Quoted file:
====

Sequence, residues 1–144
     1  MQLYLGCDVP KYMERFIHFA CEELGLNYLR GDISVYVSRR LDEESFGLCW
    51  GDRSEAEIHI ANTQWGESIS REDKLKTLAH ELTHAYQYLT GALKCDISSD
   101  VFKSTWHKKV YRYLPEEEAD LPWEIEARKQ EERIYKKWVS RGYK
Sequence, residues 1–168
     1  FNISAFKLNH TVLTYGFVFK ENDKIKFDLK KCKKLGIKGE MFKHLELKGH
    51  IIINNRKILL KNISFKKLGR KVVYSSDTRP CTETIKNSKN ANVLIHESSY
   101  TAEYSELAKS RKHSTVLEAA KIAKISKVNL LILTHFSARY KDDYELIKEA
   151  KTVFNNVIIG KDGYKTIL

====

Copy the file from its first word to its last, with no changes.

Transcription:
Sequence, residues 1–144
     1  MQLYLGCDVP KYMERFIHFA CEELGLNYLR GDISVYVSRR LDEESFGLCW
    51  GDRSEAEIHI ANTQWGESIS REDKLKTLAH ELTHAYQYLT GALKCDISSD
   101  VFKSTWHKKV YRYLPEEEAD LPWEIEARKQ EERIYKKWVS RGYK
Sequence, residues 1–168
     1  FNISAFKLNH TVLTYGFVFK ENDKIKFDLK KCKKLGIKGE MFKHLELKGH
    51  IIINNRKILL KNISFKKLGR KVVYSSDTRP CTETIKNSKN ANVLIHESSY
   101  TAEYSELAKS RKHSTVLEAA KIAKISKVNL LILTHFSARY KDDYELIKEA
   151  KTVFNNVIIG KDGYKTIL